MS Awareness Month

May 25, 2018

By Trevor Shewfelt, Pharmacist at the Dauphin Clinic Pharmacy

What do Queen Victoria, Bob Dylan and The Buddha have in common? Me! We all have our birthday on May 24! I wish I could say I have some of the good qualities of my more famous birthday mates. I wish I had the leadership qualities to command an Empire, the creativity to pen hundreds of songs or wisdom to lead people to enlightenment and spiritual fulfilment. Unfortunately, I have the dour, grumpy face of Queen Victoria, the singing ability of Bob Dylan and the belly of The Buddha. And before you Dylan fans send me hate mail, I know he won a Nobel Prize for literatue. Dylan writes wonderful music. But Dylan is a terrible singer. It's like his singing ability is betraying his musical genius.

When your body feels like it's screwing up and betraying you, it could be a disease of the nervous system. The most common neurological disorder in young adults is Multiple Sclerosis. Every day, three more people in Canada are diagnosed with MS. It is estimated that more than 100,000 Canadians have Multiple Sclerosis. Women are more than three times as likely to develop MS as men. MS can cause loss of balance, impaired speech, extreme fatigue, double vision and paralysis.

May is Multiple Sclerosis awareness month. What is MS or multiple sclerosis? It is an unpredictable and often debilitating disease of the brain and spinal cord. Some of the long nerves in the brain and spinal cord have a covering called myelin. Myelin works a like the plastic covering around a telephone cord. Without the insulating plastic cover, some of the signal that goes down the telephone wire would leak out. The voice on the phone would sound delayed, weakened, garbled or possibly not there at all. In MS, the body mistakenly attacks the insulating myelin sheath around some of the nerve fibers. So the signals from the brain to the body or body back to the brain get weaker, delayed, garbled or go missing altogether.

Since MS affects some myelin covers some of the time, this leads to one of the most fascinating and frustrating facets of the disease. The symptoms of MS change and are unpredictable. The most common form of MS, relapsing and remitting MS, has well defined attacks followed by complete or partial recovery. It can go away and come back. And it can affect vision, hearing, memory, balance and mobility. And this is not just that the disease affects different people in different ways! The same person can have different symptoms each attack. You can imagine how frustrating it would be to both worker and employer if a worker came to work one week in a wheel chair and then the next month she could walk. Then six months later she could still walk, but says she can't read her computer screen without magnification. And then she is fine. And then a year later she calls in sick for 3 weeks because she is too fatigued to leave the house. Unfortunately, since people with MS often don't look sick and they have symptoms that come and go, some confused employers treat an employees with MS unfairly.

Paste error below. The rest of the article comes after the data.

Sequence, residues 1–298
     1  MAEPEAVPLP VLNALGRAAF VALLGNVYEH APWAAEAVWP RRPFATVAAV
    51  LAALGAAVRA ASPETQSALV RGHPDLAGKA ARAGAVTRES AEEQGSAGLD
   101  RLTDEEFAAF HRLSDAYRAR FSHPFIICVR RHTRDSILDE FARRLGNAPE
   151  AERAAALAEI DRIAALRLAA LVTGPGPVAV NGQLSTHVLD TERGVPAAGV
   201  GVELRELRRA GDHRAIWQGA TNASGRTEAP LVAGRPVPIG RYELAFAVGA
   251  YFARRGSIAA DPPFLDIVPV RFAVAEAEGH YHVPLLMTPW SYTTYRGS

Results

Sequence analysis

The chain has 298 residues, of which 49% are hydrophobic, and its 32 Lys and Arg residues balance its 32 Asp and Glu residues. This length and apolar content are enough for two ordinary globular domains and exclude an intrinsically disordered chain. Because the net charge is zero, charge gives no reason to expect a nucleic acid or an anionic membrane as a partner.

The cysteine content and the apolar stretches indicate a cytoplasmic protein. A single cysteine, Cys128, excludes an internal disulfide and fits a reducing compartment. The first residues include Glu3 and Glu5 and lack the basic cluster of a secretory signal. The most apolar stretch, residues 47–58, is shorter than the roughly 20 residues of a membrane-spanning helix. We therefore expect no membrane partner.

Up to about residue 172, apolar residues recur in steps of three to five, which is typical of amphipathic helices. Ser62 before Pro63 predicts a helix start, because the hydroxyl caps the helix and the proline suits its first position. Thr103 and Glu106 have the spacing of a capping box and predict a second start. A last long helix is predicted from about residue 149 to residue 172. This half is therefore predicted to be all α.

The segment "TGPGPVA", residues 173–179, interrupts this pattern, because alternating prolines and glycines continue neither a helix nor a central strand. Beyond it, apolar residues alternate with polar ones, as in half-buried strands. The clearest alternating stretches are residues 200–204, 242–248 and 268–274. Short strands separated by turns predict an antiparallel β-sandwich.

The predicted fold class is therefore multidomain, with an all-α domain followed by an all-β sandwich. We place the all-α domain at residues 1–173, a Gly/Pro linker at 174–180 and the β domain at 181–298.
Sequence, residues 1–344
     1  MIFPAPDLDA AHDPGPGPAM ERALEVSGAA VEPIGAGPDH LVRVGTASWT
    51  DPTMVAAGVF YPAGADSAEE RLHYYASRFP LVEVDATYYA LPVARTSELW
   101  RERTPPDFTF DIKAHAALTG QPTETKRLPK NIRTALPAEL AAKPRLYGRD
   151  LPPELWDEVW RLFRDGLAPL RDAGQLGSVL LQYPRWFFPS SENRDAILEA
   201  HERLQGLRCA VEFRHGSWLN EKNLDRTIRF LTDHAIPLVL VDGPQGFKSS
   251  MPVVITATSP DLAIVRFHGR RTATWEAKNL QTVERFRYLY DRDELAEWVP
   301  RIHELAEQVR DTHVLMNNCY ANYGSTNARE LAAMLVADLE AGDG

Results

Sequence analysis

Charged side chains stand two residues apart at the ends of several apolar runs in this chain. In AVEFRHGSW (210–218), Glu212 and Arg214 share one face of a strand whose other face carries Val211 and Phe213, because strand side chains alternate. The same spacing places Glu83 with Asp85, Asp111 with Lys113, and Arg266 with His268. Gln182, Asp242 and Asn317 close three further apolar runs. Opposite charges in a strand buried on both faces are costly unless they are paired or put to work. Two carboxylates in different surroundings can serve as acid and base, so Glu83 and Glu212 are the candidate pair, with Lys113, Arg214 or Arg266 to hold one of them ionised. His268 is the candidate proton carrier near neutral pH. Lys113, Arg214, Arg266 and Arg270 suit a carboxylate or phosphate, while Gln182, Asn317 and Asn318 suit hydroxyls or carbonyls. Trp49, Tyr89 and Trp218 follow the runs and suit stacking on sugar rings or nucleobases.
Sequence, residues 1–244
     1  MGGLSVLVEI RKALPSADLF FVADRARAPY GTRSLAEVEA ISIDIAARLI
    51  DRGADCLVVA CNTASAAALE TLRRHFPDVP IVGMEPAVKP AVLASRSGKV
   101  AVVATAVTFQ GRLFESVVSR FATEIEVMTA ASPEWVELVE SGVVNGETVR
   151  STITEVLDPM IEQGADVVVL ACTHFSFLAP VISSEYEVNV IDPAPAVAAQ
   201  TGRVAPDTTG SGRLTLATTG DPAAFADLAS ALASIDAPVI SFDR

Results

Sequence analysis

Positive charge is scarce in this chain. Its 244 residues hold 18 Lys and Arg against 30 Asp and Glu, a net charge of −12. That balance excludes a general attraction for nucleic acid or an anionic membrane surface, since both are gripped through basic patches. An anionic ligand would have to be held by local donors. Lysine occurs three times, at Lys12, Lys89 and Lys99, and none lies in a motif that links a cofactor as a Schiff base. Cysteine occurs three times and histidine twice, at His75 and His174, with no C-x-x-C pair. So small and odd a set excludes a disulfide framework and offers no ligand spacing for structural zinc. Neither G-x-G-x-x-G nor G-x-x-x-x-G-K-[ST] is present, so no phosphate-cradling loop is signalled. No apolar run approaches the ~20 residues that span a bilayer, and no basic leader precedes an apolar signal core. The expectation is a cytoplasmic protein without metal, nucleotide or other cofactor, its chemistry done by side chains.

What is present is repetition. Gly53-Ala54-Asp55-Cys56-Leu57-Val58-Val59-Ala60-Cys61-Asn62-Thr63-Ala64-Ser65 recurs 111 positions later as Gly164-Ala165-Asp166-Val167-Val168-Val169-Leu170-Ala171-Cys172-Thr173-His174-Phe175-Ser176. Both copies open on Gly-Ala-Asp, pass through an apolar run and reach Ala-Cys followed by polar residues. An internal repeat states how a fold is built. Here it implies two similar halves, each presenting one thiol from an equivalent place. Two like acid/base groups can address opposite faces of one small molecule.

Compared with big diseases like heart disease, cancer and diabetes, why should you care about MS? While it is true that MS isn't as common or as deadly as heart disease, cancer and diabetes, MS is the most common neurological disease affecting young adults in Canada. In fact, Canada has one of the highest rates of MS in the world. Within our country, Manitoba has one of the highest rates of MS in Canada. Dr. Ruth Ann Marrie, who heads the MS Clinic in Winnipeg, published a paper about MS prevalence in Manitoba in the January 2010 issue of Neurology. She concluded Manitoba has one of the highest prevalence rates of MS in the world. So, Multiple Sclerosis does affect a lot of people in our area. There are even more local connections to MS research. Dr. Mike Namaka, who grew up in Winnipegosis, is also an MS researcher at the Manitoba MS Clinic in Winnipeg. It's nice to see a Parkland prodigy work on a Manitoba problem.

Some exciting news for the Parkland is Dr. Reza Vosoughi is coming to give a talk about MS on Thursday, May 31. It is called, "What Dr. Google Does Not Tell You About MS". It will be at 6 pm at the Countryfest Community Cinema. It is free, but please call ahead to reserve your spot. Call Larysa at our local at 1-800-268-7582 ext. 4101 or email her at larysa.varakina@mssociety.ca. This is one of those rare opportunities to meet, listen to and ask questions a neurologist who works with people with MS. And while I have a soap box, Sunday May 27 is the MS Walk in Dauphin. Go to www.mssociety.ca and look for MS Walks to sign up or donate.
I mentioned May 24th is my birthday. But there are no royal weddings, or Nobel prizes in my family unlike like Queen Victoria or Bob Dylan. I think I need smaller more attainable goals. Apparently the First Noble Truth in Buddhism is "Life is Suffering". Well, I did stub my toe last week. I think it is safe to say I'm on my way to Nirvanah!
As always if you have any questions or concerns about these or other products, ask your pharmacist.

The information in this article is intended as a helpful guide only. It is not intended to be used as a substitute for professional advice. If you have any questions about your medications and what is right for you see your doctor, pharmacist or other health care professional.

We now have most of the articles published in the Parkland Shopper on our Website www.dcp.ca

MS Society of Canada www.mssociety.ca
Donate to MS Walk - http://mssoc.convio.net/site/PageServer?pagename=walk_homepage

 


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